Impressive & Comfortable Summer Classic

Handed down through generations and re-created here for the first time, this swing is the perfect companion to fresh breezes, cold drinks and the warm, starry nights of summer.  

It’s a fact: A good porch swing is one of the pure and simple pleasures of life. This particular model holds fond memories for me. My wife’s grandfather, Jake Dunlap of Jacksonburg, W.Va., built one for each of his four children. One of those four was my future mother-in-law.

When I went to visit my wife-to-be, we would while away the weekend hours talking and laughing on a swing almost exactly like this one. I remember being amazed – not that she actually liked me, but that the swing was so comfortable.

Jake was best known for his woodcarving. He had apparently gotten some hand-drawn patterns for the swing from a friend, but I made my patterns using one of his full-size swings as a reference.

I’ve made more than a dozen of these, and even sold a few. The seat and back are so ergonomic and comfortable, I even made some matching chairs and gliders.

This article shows a 6' version of the swing, but I’ve made 4' and even 7' models. This plan can easily be changed to the width you want; just adjust the length of the ribs and slats. 

The first time I built this swing, it took more than a week, because I didn’t use a nailer or a jointer, but now it can be done in a solid day or two.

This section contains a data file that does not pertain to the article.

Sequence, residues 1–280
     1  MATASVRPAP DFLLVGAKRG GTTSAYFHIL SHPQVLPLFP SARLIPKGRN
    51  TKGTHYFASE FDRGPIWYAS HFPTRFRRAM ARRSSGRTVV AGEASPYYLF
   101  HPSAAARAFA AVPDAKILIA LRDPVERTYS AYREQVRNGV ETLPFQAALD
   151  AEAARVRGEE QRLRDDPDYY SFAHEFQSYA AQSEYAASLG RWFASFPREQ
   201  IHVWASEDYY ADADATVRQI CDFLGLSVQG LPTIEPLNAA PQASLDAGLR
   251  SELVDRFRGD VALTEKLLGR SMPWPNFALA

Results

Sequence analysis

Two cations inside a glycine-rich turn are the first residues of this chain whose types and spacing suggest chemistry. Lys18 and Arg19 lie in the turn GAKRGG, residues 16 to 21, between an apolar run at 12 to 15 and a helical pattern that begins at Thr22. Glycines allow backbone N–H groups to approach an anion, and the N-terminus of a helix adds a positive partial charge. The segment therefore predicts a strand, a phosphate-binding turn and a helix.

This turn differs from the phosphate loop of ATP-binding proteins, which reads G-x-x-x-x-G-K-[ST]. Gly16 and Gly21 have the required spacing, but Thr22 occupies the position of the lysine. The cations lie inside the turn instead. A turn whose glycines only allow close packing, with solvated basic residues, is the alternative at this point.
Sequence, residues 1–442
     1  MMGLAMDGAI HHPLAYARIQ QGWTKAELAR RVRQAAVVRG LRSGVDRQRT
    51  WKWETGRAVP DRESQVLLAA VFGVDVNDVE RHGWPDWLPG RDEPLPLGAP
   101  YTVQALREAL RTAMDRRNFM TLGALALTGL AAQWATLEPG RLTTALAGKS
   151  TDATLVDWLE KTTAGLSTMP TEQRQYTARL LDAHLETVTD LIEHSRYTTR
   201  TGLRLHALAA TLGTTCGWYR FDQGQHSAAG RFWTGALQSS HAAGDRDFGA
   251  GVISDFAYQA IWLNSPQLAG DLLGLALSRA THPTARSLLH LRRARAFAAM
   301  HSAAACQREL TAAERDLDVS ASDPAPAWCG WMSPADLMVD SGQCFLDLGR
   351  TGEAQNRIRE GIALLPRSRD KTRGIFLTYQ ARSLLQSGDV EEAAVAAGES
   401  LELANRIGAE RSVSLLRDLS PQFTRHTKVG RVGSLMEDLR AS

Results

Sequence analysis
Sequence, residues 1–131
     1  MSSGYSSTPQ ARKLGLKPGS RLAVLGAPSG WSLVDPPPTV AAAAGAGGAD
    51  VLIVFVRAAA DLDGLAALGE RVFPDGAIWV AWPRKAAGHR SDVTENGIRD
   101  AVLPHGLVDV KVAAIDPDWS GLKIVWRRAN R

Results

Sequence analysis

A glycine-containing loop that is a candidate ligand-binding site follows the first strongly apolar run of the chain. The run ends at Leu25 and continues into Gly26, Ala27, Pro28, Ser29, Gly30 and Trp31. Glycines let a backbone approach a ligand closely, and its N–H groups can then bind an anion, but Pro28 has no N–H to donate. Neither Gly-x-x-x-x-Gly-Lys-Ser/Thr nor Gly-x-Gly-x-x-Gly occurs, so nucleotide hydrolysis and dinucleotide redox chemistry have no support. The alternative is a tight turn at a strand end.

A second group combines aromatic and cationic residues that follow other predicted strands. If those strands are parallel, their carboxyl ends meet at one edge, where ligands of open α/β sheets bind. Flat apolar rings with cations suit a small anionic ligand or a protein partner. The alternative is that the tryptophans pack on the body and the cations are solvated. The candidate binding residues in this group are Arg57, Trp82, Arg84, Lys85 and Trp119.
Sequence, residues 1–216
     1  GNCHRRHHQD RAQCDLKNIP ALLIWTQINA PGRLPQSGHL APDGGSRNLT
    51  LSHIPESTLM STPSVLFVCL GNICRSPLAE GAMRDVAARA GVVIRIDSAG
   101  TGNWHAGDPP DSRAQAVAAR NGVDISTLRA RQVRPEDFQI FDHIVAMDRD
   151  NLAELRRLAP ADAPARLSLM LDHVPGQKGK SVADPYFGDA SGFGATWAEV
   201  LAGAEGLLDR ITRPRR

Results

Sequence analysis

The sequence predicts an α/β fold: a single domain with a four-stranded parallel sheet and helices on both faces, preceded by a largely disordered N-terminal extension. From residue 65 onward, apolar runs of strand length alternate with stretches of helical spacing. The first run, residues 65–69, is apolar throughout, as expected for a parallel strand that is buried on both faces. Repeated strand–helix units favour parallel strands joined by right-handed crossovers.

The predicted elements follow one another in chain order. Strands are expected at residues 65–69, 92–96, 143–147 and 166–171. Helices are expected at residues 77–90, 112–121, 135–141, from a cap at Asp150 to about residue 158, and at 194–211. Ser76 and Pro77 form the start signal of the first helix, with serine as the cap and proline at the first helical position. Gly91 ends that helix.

Getting started

Square your lumber and plane it to a thickness of  3/4" before using the diagram and patterns to lay out the pieces. You can download full-size printable PDFs of the patterns from, or enlarge the ones provided on page 38 by 400 percent. Before cutting, become familiar with the individual components, such as the T pieces and cap pieces.

Join together two pairs of  3/4" x 8" x 24" boards edge to edge, offset about 2" to accommodate the slant in the pattern. I do this with biscuit joints, clamping the pieces together until cured and sanding the joint if necessary. Now you have large enough workpieces from which to cut your end pieces (Fig. 1).

Saw all the shapes apart and cut them out on the bandsaw. You might have to reverse the pattern on the back of some of the larger pieces to finish your cuts, depending on the throat clearance of your bandsaw. Countersink where specified and drill all holes shown on the patterns except those in the bottom and back pieces. (Some bottom and back pieces have fewer holes than others, so I’ll let you know when to drill them.) 

Now you begin the tedious process of cutting the 44 long ribs on the table saw. Take heart – your work will pay off. Because I changed the original plan to make the ribs thinner and more numerous, the smaller slats follow the curve of the bottom pieces and flex more than thicker pieces would, making for a remarkably comfortable seating surface without sacrificing strength.

Cut the full boards to exactly 6' long, rip them to about  5/8" wide and run them through a thickness planer until the pieces are a uniform  3/4" x 1/2". This procedure cleans up saw marks and eliminates a lot of sanding. As you feed the ribs through your planer, stagger them to avoid snipe on the ends (Fig. 2).